Simple Chemical Reactions in Fireworks

The color of fireworks depends on their constituent elements.
••• Fireworks image by Dazzler from Fotolia.com

The amazing colors in exploding fireworks come from chemical reactions triggered by heat. Combustion propels fireworks into the air while oxidization provides the oxygen needed to excite the metal compounds in fireworks. Energy absorption and emission produce fireworks' unique color spectra.

Combustion

Combustion occurs when the flame from a firework's fuse comes into contact with black powder, causing potassium nitrate, charcoal, and sulfur to combine. The combustion is highly exothermic (heat-producing). In most fireworks the heat and gas are forced out of the bottom of the firework shell, propelling the firework up into the sky.

Oxidization

Once a firework has reached its apex in the sky, the fuse reaches a compartment filled with an oxidizing agent and light-producing stars. Common oxidizing agents include nitrates, chlorates, and perchlorates. The oxidizing agents react with the heat and gas formed by combustion to produce enough oxygen for rapid combustion of the light- and sound-producing agents in the stars.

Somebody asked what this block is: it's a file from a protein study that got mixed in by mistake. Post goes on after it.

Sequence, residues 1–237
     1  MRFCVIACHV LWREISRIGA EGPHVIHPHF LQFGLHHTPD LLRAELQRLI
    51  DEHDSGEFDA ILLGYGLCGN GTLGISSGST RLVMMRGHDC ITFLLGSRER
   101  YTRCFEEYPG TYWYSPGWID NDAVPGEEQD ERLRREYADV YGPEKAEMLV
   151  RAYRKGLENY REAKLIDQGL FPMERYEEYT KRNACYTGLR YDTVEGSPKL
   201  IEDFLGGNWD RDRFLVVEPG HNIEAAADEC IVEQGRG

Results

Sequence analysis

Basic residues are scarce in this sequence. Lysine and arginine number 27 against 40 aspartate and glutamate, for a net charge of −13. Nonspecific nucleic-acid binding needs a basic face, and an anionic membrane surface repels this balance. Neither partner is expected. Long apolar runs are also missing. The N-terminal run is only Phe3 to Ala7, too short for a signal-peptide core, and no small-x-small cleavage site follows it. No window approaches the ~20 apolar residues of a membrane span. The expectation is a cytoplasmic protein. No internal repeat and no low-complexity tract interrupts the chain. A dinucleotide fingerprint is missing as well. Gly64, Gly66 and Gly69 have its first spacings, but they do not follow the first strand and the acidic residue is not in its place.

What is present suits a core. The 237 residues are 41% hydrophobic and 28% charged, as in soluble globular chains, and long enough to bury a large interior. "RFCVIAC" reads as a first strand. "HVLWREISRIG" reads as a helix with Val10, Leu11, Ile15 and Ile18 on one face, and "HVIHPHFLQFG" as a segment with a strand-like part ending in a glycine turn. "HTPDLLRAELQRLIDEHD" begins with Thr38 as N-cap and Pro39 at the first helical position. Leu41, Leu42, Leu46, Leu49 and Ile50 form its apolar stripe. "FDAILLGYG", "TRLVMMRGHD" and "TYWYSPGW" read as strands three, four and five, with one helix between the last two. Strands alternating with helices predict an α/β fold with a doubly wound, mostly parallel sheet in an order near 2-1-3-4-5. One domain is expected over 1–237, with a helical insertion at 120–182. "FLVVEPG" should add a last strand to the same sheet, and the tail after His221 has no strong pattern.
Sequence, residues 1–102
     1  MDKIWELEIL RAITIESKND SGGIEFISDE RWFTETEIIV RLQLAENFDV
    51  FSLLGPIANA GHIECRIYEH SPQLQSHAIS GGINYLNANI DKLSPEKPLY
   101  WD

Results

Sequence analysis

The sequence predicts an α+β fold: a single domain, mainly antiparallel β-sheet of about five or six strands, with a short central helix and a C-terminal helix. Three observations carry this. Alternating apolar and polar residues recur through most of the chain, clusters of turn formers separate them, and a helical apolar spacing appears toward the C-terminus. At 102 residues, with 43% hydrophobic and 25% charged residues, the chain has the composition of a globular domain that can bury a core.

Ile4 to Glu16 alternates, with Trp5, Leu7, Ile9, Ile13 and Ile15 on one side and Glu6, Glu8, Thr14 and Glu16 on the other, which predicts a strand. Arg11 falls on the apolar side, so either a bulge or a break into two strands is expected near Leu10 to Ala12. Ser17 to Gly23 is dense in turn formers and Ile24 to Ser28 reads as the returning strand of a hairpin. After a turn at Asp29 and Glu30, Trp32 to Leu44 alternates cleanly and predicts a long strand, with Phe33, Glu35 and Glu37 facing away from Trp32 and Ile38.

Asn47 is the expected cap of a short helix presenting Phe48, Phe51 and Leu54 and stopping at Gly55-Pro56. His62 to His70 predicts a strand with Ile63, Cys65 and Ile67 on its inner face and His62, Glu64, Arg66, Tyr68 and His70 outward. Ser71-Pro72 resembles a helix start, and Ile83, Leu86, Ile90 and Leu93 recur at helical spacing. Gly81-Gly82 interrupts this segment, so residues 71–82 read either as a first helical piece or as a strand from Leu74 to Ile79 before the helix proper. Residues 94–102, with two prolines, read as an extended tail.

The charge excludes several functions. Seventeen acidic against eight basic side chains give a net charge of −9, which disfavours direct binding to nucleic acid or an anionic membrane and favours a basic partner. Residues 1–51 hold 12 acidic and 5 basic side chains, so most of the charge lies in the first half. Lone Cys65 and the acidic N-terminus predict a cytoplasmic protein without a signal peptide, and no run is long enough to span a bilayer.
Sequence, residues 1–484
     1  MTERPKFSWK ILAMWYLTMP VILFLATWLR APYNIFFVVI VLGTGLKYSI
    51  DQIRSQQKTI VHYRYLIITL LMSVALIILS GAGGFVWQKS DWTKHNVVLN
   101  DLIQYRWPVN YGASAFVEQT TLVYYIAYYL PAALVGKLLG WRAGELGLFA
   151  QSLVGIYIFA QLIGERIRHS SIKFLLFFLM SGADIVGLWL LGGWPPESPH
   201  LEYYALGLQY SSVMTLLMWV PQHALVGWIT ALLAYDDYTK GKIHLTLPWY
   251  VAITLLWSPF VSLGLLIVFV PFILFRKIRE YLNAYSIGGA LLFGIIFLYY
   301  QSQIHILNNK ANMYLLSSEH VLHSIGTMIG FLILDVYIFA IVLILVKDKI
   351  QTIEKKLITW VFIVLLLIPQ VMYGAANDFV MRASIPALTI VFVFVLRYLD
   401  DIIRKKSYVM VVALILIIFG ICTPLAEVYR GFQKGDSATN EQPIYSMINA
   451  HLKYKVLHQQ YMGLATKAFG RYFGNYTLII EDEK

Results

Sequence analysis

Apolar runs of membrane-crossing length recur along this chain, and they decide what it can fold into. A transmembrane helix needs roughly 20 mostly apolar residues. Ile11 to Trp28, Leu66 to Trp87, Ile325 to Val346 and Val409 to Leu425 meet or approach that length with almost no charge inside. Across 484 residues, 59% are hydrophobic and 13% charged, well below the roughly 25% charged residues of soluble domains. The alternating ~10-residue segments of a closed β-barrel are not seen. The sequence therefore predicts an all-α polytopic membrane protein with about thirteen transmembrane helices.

Energy Absorption/Emission

The oxygen produced by the oxidizing agents reacts with the elements in the stars to produce a hot, rapidly expanding gas. The atoms in this gas absorb the energy produced in the reaction, causing their electrons to move from their stable ground state to an excited energy state. When the electrons return to their ground state, they emit energy in the form of light. The color of the light depends on the type of element in the stars.

Related Articles

What Is the Chemical Composition of Most Stars?
Stages in the Life Cycle of a Star
Life Cycle of a Medium-Sized Star
What Are the Colors of Neon?
How is the Sun Nuclear Energy?
Parts of a Star
How Is Heat Transferred From the Sun to the Earth?
What Are the Final Stages in the Life of a Star Similar...
What Kind of Stars Live the Longest?
Describe the Formation of Both Positive & Negative...
Facts About the Sun's Core
2 Ways to Excite Electrons Into High Energy States
What Is Nadph in Photosynthesis?
How Are Elements Formed in Stars?
How to Get Colored Lighter Flames
Why Are Atomic Emission Spectra Discontinuous?
Life Cycle of a Small Star
What Causes Atmospheric Heating?
How to Use Planck's Constant